Interview with Elvis Costello
Daily Mirror (A-List), 1999-04-09
April 9, 1999
Elvis Costello is a man of principle. After all these years he still refuses to let his music be featured in TV commercials. He even turned down big money from Nike who wanted to use his 1982 single "Pump It Up" to advertise their trainers. The deal would have been the easiest million quid hed ever earnedhad Elvis not said an instant, emphatic, no.
"I cant even say I was tempted," insists Costello. "Ive always had a golden rule that none of my records end up as the backing tracks to adverts for cornflakes, training shoes, or, for that matter, anything else.
"When people buy my records Im entering into a kind of contract with them. Allowing my music to be used in commercials is like saying, Heres a record Ive made. Dig into your pockets, even though pretty soon everyone will be listening to it for free while theyre being persuaded to get Nike trainers.
"So, sure, Id like the million quid, but theres no way I would do that kind of dealit doesnt seem right."
Surely after more than 20 years as a rock icon, with a string of globally successful hits including "Watching The Detectives," "Olivers Army," and "A Good Year For The Roses" to his name, Mr. Costello doesnt actually need another million.
He gives a broad grin. "Actually, I am genuinely not rich and a quick million would be very nice indeed," he declares. "If you look at my career, there have been long periods when I havent exactly dominated the charts.
"The truth is, I have enough money to be able to say sod off when I am offered lucrative work I dont want to do, but I dont work as some sort of hobby. I work because I love it, because its my vocation and because its how I earn my living."
For a man whose name is known all over the world, Elvis Costello, 43, is disarmingly down to earth. He arrived at his local pub a few miles outside Dublin full of apologies for "dragging" us out to the beautiful hills that overlook Irelands fair city.
The plan had been to meet at the swish Westbury Hotel, of "owned by U2" fame, but we meet in a pub near his home with second wife Cait ORiordan, bassist with The Pogues, instead.
"Im sorry," he says, peering through pops most famous pair of spectacles since Buddy Holly, "But Ive been up to my neck in it and I just didnt have time to drive into Dublin."
Hes been preparing for a UK tour which kicks off at Liverpools Royal Court on Wednesday, followed by the Royal Albert Hall next Thursday, and for the release of his latest single, "Toledo," next week. "Toledo" is one of 12 beautifully orchestrated songs of love and heartbreak on the album Painted From Memory, Elviss acclaimed collaboration with US composing giant Burt Bacharach.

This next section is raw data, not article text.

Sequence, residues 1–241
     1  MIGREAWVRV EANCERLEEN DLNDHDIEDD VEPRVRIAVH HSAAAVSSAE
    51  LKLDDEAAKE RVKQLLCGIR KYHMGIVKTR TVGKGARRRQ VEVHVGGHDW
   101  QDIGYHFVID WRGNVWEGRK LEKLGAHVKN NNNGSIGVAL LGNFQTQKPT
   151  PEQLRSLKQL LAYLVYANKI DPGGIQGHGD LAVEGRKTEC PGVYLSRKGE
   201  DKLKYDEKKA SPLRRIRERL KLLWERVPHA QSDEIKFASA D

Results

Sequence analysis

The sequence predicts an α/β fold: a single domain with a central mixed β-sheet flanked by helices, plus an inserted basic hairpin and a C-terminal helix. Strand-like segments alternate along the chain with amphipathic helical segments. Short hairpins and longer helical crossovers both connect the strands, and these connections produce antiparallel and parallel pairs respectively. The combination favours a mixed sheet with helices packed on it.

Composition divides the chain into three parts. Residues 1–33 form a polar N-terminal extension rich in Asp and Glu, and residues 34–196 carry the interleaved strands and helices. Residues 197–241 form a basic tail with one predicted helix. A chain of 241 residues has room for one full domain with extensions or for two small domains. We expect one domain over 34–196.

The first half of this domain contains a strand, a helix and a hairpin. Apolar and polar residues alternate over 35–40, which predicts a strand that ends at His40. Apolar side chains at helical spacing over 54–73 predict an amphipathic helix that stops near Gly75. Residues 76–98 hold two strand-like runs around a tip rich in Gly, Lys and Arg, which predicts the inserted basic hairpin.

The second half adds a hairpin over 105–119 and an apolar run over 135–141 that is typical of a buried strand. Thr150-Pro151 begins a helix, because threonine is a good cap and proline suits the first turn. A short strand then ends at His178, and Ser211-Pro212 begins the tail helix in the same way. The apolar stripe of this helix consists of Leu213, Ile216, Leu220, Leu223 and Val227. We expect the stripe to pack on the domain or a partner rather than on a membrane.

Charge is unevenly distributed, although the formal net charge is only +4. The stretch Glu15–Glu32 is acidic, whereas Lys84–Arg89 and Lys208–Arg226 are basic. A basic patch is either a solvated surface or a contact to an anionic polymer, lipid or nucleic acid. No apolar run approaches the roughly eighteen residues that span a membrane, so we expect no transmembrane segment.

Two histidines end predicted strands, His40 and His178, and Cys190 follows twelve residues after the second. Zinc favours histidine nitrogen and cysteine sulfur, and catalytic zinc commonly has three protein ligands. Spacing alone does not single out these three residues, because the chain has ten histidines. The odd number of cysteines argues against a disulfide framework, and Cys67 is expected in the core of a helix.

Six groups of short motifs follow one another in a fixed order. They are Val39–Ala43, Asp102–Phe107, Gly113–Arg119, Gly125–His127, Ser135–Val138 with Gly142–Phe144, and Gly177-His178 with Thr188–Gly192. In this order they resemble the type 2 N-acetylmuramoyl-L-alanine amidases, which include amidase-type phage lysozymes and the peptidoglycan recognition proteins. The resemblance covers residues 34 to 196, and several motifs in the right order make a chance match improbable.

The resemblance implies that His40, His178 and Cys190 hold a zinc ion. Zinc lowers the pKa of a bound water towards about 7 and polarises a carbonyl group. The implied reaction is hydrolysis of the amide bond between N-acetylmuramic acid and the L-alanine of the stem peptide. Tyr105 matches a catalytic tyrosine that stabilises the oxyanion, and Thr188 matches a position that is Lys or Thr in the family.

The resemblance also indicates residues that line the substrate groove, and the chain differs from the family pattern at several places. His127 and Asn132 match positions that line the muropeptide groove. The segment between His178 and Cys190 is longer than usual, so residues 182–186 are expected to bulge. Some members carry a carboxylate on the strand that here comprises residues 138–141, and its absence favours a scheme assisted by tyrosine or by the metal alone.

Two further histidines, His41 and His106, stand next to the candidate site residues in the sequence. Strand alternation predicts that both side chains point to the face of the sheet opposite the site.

Its an unlikely partnership which as well as producing some wonderful, stirring music has put paid to Costellos image as pops angry young intellectual. Not that Elvis has ever cared much about tags.
Diehard fans are still trying to understand why he branched into classical music with the Brodsky Quartet. He also knows that lovers of his old band The Attractions are not exactly doing cartwheels about him singing with the man who penned easy listening standards such as "Walk On By" and "Whats New Pussycat?" But Elvis wont hear a word against the 70-year old maestro.
"First of all, Burts music is incredibly complicated. Secondly, I am certainly not young. Im not sure I was ever an intellectual, but I can still get angry about the things which annoyed me 20 years ago. "Ive admired his songs for as long as I can remember. It was a privilege to work with him. I thought I was a perfectionist, but I met my match in Burt. And I know there are people out there who only like "Pump It Up," but you have to move on in life, do different things, take a few risks."
Elvis played a series of highly praised concerts with Bacharach, but for his UK tour, he will share the stage with Attractions pianist Steve Nieve.
"Well be doing some stuff from Painted From Memory, but therell be old stuff as well. People enjoy all those early songs, and I still like them, so why not?"
Born Declan Patrick MacManus, the son of a bandleader, Elvis counts Ireland as his home, although he has a flat in London.
"I love it here," he says. "The TV has all the Liverpool matches, the people are great and I couldnt be happier."
Since his 1976 debut single, "Less Than Zero," Costello has established a reputation for being difficult with journalists. It is impossible to work out why. He is charming, articulate, and very obliging to A List photographer John Ferguson, who wants Elvis in the frame with a Guinness.
"I dont drink," says Costello. "But if you want me to pose with a pint, sure, I will."
"I drank like the next guy. No big deal. But I just woke up one morning and I knew Id lost the taste. Last October I had the same experience with coffeesuddenly I didnt want it ever again. Same with meat. And Ive never smoked. So Im not much of a smash-up-the-hotel-room type, Im afraid.
"I used to be a night guyup all night, sleep all day, but as Ive got older I do it the other way around, and I have to say, I much prefer it."
Elviss single with Burt Bacharach, "Toledo," is released on APRIL 19.